Radovan Karadzic accuses Professor Zecevic that in his findings about the Markale explosion he tried to shift the blame from the BH Army to the VRS. Zecevic replied that in February 1994, his commission identified six locations from which the shell may have been fired. One location was in the territory controlled by the BH Army; this conclusion resulted in him being ‘a target’. In a later analysis based on new information, Zecevic was able to reduce six possible locations to three: they were all in the VRS-controlled territory

Berko Zecevic, witness at the Radovan Karadzic trialBerko Zecevic, witness at the Radovan Karadzic trial

The sparks that flew yesterday during Radovan Karadzic’s cross-examination of Professor Berko Zecevic culminated today in several harsh exchanges between the prosecution expert and the accused.

Karadzic tried in any way he could to challenge Zecevic’s analysis of the direction from which the shell that hit the Markale marked on 5 February 1994 had come. The witness headed an expert commission set up on the day after the explosion. After 36 hours of investigation, the commission identified six possible locations from which the projectile may have been fired. Five locations were in the VRS territory and one was in the territory controlled by the BH Army.

Some years later, Zecevic was asked by the prosecution to write another analysis of the Markale massacre for the Stanislav Galic case. In the new report, Zecevic corrected his 1994 conclusion, reducing the number of possible launch sites to three locations in the territory under the VRS control.

Karadzic asked the witness why he took a number of years to reach that conclusion. Zecevic replied that in 1994 he had a limited time to do an analysis which required ‘both time and thought’. ‘This analysis is an expression of the information and abilities I had at that moment. Later, when I was given new information and was able to live and work in peace, I did what I did...without any malice’, Zecevic said.

Karadzic put it to Zecevic that the objective of the new analysis was to blame the Serbs for the massacre rather than the BH Army. The witness denied this, adding that ‘an order was issued to kill me’ because of the conclusion he had reached in 1994. As the witness put it, ‘I was always a target in Sarajevo’. Now, ‘after debates of this kind and the propaganda on TV, I expect that somebody might kill me when I come back’, Zecevic said.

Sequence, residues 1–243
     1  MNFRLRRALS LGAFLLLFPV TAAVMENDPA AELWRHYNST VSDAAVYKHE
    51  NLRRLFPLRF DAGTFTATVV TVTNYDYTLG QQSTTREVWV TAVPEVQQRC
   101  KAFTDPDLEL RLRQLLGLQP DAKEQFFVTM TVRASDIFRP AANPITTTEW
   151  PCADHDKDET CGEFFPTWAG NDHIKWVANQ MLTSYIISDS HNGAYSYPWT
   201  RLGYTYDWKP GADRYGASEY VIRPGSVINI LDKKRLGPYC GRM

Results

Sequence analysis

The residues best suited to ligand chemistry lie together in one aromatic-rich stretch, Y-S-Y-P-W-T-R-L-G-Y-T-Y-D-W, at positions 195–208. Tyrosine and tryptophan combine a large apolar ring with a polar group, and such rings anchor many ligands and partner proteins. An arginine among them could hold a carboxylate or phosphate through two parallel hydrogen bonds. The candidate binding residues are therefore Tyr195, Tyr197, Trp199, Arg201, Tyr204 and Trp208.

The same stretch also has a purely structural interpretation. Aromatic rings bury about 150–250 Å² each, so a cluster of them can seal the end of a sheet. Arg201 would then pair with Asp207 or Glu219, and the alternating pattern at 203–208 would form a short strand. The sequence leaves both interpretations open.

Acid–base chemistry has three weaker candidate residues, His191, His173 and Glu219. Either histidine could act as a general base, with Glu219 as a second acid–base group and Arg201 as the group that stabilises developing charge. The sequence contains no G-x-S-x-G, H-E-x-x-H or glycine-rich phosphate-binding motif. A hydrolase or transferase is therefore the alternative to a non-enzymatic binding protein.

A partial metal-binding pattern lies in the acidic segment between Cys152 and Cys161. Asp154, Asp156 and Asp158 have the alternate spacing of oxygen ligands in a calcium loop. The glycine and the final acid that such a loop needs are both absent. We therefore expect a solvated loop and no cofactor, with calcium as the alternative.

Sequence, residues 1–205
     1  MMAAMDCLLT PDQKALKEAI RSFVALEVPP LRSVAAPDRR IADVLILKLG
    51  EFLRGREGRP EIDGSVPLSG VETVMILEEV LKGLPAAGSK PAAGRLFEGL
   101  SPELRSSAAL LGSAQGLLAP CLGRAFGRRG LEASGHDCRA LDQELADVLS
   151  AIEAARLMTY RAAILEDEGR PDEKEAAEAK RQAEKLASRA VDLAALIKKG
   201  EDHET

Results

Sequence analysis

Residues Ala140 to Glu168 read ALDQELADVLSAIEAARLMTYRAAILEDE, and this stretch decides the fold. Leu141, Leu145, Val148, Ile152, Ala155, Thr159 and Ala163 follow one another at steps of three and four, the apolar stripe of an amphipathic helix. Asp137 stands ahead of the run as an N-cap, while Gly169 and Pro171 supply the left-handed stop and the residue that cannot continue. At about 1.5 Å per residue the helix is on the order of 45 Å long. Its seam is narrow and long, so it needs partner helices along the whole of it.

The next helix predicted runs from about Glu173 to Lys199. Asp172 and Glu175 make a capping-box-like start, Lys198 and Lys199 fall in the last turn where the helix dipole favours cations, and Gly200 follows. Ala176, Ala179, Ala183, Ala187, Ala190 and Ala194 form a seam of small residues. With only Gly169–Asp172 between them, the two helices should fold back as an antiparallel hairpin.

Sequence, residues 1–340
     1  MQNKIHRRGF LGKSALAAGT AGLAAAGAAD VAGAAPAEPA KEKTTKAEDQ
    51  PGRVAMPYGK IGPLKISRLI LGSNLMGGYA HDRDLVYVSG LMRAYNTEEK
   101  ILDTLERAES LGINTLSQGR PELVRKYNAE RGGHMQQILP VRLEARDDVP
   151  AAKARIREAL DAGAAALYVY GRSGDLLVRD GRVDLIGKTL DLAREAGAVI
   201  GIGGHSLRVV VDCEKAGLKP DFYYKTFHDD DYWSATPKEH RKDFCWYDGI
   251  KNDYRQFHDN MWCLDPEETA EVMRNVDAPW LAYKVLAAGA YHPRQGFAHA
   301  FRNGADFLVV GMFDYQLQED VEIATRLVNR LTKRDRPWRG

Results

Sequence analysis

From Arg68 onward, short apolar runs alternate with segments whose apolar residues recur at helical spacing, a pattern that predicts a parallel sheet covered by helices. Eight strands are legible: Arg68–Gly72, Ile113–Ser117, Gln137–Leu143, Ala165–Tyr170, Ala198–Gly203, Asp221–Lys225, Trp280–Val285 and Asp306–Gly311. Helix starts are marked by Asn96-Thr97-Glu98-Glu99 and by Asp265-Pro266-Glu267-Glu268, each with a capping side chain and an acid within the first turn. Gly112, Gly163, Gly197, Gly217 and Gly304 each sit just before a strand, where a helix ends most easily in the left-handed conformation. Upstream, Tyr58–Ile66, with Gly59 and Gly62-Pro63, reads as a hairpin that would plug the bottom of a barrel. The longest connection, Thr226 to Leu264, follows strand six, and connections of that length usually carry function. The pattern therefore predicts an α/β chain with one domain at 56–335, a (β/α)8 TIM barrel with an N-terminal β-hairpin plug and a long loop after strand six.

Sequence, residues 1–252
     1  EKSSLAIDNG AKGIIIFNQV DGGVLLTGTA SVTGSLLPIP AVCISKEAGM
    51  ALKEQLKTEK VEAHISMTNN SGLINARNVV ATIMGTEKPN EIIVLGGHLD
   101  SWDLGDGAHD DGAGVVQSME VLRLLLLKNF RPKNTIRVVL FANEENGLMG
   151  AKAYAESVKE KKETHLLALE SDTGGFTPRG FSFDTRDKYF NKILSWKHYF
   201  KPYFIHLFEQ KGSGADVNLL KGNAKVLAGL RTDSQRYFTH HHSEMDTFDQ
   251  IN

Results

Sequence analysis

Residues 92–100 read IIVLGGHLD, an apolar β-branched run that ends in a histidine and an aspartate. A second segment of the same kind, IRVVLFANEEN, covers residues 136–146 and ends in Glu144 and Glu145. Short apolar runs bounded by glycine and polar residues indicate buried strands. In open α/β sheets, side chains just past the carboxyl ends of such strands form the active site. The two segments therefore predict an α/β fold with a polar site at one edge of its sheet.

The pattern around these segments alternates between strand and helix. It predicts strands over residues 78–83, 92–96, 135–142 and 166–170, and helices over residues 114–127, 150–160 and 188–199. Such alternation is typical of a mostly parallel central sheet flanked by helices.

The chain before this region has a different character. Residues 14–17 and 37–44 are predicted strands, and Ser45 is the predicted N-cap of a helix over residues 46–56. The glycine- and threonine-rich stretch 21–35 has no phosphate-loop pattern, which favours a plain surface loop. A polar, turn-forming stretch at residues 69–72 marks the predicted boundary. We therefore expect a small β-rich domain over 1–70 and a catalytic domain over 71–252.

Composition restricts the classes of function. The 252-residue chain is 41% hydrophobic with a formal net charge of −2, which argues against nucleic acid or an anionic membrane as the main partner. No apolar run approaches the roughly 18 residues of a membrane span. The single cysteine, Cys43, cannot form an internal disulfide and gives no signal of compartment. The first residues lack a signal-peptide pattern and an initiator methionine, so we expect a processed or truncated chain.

Karadzic put forth several other theories about the Markale explosion: a shell was thrown from the rooftop of a neighboring building, it was planted in the market, the shell stabilizers were hammered into the asphalt. Professor Zecevic dismissed Karadzic’s suggestions, explaining to the accused in a professorial manner why those scenarios were not logical and possible.

At the end of the cross-examination, Karadzic tried to challenge the credibility of the witness by bringing up a statement Zecevic’s lawyer had given to the Sarajevo TV. Professor Zecevic refused to even listen to the excerpt, noting that he ‘cannot interpret what somebody said while I was in prison’. Karadzic also put it to Zecevic that he was ‘jack of all trades and pet’ of the prosecution in The Hague and Sarajevo. Zecevic would change his reports on its dictate in order to bring on convictions, Karadzic claimed. The prosecution witness replied that ‘under the law’ he was obliged to respond to the Tribunal’s order, or face ‘up to 7 years in prison or a fine of € 100,000 in The Hague and € 30,000 in Bosnia’.

After Professor Zecevic completed his evidence, Ramiz Mujkic returned to the witness stand. The former prisoner in the Rajlovac prison camp continues his evidence tomorrow.